there are people, even our parliamentarians (from what was reported), who claim that the rapists should not be allowed lawyers or any legal representation. it is a preposterous suggestion in our democracy! this is, as i said, a slippery slope and such lynch mob trials and executions are just the thin end of the wedge. we should never allow such lawlessness to take over the civilised society we call ourselves. if you deny someone a fair chance, you will have no right to expect the same for yourself or your loved ones

moreover, in this instance, the media, for its part, has been ridiculously over the top, and actually fomenting some trouble, if i may say so. the breathlessness in the reportage, the quick sound bytes of random (but obviously well chosen) people, the exaggeration of certain claims and the understating of some others, is all a game. neither the protesters nor the authorities realise that the media will report (and report in a way) what gets them the best TRPs. they forget that the media lives by the dictum, "if it bleeds, it leads". tomorrow, they will find another story to be breathless about and that is that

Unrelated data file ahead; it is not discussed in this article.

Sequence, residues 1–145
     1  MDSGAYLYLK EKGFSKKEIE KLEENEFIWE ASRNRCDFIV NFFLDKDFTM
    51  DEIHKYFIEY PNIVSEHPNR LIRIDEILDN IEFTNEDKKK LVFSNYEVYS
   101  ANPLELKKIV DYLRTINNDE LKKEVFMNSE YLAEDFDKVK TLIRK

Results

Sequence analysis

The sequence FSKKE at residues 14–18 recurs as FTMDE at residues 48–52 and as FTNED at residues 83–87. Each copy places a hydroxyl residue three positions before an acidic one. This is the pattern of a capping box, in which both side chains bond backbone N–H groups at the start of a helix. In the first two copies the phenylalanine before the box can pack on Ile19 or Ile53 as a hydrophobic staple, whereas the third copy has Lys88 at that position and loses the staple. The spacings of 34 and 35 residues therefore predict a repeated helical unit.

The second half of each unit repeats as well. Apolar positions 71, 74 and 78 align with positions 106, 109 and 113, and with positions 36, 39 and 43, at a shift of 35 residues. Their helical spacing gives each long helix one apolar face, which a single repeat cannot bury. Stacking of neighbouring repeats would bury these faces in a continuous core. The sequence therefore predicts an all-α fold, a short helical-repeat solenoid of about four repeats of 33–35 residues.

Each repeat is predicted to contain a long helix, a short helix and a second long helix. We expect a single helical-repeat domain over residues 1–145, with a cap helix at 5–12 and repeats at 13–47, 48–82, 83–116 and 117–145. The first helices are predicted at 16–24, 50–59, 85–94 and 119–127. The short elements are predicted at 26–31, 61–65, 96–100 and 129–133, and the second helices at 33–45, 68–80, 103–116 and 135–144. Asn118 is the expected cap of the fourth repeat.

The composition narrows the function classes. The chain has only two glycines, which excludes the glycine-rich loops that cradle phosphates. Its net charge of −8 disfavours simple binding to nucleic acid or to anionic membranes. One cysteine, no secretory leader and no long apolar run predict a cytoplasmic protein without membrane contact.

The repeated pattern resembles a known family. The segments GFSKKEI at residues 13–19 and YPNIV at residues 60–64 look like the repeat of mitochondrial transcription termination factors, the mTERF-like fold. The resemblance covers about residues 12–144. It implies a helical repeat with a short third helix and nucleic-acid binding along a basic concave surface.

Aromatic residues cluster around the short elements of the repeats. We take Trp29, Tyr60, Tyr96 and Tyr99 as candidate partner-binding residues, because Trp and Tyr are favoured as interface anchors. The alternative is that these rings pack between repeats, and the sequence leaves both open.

of course, this is not to say that no protester or politician or policeman understands this. there are some pretty shrewd people out there who cultivate the media and manipulate them in a classic double cross, with sometimes the media not knowing till its done, and other times, the media playing along as if naive. any which way, what you see on t.v, or read in the news, is at best a filtered and at worst a doctored version of the truth


unfortunately, after seeing so many 'revolutions' happening around the world (reported by the same media), innocent, well-meaning people get caught up and pick up the half truths and lies being spewed out, magnify them, and post them on social networks. other innocent (and some not so) people pick these up and further embellish them, in a ghastly game of chinese whispers until there is just so much bulls**t out there that that even the truth sounds unbelievable

what people are forgetting is that the whole culture of the north, specifically the NCR (national capital region, or delhi, as it is known by), is still languishing about a century behind today. this is the elephant in the room nobody has the guts to talk about, for fear of being labelled parochial or pandering to regional biases or, in the worst case, being racist or anti-national